As shown in a previous study [10], our results suggest that the probability of walking again after the surgery is not only influenced by surgical timing but also by ASA score. In fact, comorbidities [5] may influence mortality after a femoral fracture. Furthermore, baseline prefracture locomotion, abnormal clinical findings on admission, dementia, and baseline living situations [5] influence the outcomes. In addition to those, intrahospital factors, rehabilitation schedules, holidays and weekends, together with limited capacity of operating theaters and personnel [12] play a central role delaying the time from admission to surgery and to physiotherapy.

Modifiable factors for an early ambulation can be an optimal pain management (i.e., reducing narcotics and choosing locoregional versus general anesthesia) [13], early removal of urinary catheter, and optimal management of blood transfusions [14].

The study was limited by its retrospective design; furthermore, only patients from a single hospital from a single European country were included; thus, findings may not be generalizable to other geographical regions. Another limit is the choice of timing cutoff: 48 h for early treatment was based on literature data, while 10 days since trauma was arbitrarily chosen.

Mobilization of the patient within 24 h is recommended by numerous international guidelines (GEIOS, NICE, SIGN, SEGG-SECOT, and NZGG) since it is associated with a decrease in comorbidities [15]. Our results suggest that also early postoperative physiotherapy plays a role in prevention of mortality. Therefore, early surgery and early mobilization should be performed to decrease the mortality rate at 6 and 12 months after femur fracture.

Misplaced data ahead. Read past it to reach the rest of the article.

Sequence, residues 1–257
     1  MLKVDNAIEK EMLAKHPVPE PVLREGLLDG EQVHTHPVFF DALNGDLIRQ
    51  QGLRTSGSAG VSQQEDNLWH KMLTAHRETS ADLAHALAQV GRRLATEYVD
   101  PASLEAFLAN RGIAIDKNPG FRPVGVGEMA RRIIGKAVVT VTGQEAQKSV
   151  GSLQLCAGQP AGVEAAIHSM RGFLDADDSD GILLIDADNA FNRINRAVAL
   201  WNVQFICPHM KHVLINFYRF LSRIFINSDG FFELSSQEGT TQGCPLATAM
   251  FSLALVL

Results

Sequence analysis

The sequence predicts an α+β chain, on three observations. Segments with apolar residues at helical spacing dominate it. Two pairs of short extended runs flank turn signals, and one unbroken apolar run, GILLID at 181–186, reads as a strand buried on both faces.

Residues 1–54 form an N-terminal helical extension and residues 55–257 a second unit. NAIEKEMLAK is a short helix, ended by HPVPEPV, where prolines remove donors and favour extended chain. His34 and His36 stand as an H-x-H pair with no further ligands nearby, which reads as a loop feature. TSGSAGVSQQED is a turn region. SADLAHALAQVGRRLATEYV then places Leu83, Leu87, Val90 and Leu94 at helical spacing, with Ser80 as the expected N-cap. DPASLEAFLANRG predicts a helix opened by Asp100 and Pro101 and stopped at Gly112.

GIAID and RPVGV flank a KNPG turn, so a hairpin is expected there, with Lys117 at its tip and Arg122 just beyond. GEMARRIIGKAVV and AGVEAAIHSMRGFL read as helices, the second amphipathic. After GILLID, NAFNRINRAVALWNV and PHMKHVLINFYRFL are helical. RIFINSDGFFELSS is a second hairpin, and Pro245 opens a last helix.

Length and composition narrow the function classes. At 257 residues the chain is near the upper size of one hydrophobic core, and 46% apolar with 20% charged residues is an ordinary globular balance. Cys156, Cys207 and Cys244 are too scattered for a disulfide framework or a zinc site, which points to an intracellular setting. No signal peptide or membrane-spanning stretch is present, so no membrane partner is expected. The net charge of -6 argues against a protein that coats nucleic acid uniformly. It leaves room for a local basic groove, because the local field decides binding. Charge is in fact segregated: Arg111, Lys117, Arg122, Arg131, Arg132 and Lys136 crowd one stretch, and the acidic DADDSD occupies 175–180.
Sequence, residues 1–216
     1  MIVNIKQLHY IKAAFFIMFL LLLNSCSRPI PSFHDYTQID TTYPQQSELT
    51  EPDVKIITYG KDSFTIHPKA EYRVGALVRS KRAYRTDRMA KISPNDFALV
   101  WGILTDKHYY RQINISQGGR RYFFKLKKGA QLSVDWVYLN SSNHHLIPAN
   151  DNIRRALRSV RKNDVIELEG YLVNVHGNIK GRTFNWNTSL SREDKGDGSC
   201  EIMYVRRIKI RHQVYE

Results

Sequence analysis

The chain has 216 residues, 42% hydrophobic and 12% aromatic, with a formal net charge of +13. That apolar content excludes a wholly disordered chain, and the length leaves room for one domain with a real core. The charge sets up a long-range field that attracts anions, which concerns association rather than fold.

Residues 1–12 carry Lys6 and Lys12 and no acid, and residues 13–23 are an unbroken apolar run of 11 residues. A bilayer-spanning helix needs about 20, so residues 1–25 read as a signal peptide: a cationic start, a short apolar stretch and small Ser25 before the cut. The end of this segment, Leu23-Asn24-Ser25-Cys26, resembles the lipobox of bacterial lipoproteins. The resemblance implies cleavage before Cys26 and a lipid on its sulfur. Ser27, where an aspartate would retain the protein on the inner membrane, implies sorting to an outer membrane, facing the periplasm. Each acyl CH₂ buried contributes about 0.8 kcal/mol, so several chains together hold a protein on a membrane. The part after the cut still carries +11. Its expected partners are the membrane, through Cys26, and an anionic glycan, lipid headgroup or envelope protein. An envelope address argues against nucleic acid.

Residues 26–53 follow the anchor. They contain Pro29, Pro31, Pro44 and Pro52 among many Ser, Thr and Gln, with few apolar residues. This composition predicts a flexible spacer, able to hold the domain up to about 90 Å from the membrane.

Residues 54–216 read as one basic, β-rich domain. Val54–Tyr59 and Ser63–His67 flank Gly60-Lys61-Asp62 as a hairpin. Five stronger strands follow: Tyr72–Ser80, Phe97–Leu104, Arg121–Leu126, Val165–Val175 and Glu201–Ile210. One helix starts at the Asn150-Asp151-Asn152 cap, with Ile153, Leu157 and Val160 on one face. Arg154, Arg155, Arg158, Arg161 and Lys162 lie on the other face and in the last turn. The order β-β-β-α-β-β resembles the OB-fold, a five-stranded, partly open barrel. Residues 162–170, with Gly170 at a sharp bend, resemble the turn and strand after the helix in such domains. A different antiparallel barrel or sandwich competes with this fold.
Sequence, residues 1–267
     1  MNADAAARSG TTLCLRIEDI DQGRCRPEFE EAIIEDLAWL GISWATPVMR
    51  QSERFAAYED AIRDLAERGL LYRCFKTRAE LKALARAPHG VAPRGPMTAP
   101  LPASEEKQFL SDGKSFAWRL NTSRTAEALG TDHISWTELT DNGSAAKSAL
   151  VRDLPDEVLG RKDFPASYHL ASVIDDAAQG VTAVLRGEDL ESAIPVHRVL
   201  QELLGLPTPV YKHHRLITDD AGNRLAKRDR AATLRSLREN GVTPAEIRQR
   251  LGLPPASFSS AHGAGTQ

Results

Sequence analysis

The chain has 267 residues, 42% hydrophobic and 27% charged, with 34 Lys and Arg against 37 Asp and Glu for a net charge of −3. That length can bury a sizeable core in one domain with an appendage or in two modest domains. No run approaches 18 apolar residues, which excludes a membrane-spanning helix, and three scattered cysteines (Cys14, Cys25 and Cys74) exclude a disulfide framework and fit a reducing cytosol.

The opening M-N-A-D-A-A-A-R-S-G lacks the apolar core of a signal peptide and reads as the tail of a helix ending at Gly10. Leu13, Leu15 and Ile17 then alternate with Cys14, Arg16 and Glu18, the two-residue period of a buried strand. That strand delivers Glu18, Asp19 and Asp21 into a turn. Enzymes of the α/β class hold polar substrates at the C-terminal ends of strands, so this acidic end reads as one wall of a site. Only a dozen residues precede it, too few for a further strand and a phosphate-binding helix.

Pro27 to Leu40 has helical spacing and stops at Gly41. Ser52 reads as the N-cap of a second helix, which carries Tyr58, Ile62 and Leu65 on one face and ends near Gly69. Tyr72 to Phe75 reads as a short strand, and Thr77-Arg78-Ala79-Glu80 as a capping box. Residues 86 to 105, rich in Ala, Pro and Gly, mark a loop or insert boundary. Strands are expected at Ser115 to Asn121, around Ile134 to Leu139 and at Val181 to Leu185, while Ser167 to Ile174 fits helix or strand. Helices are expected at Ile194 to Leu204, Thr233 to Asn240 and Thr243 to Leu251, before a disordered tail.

Our data showed mortality rates almost double in patients who did not ambulate within 10 day from surgery (6% versus 11% at 6 months and 7% versus 17% at 1 year). Furthermore, ambulation within 10 days after the trauma was significantly associated with increased risk of 6 and 12 months mortality independently from time to surgery (< 48 h). Association of early surgery and early mobilization should be performed to decrease the mortality rate at 6 and 12 months.

Availability of data and materials

Paper copy of the database is available at Città della salute e della Scienza di Torino

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Acknowledgements

None.

Funding

No funding was received for this study.

Author information

Affiliations

Authors

Contributions

A.A. was involved in the conception and design of the study and oversaw and provided quality assurance on all study output. All the patients included in this study were operated on by the groups directed by A.M. and A.A., and B.M. and M.B. were involved in the conception and design of the study and drafted the manuscript. B.M., A.B., and W.D. collected patient’s data and assisted in revising the manuscript. All authors read and approved the final manuscript.

Corresponding author

Correspondence to Alessandro Aprato.

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The present study was approved by the institutional review board and was conducted in accordance with the ethical standards laid down in the 1964 Declaration of Helsinki and its later amendments.

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The authors hereby certified their consent for publication.

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The authors declare that they have no conflict of interest.

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Aprato, A., Bechis, M., Buzzone, M. et al. No rest for elderly femur fracture patients: early surgery and early ambulation decrease mortality. J Orthop Traumatol 21, 12 (2020). https://doi.org/10.1186/s10195-020-00550-y

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Keywords

  • Femur fracture
  • Early treatment
  • Walking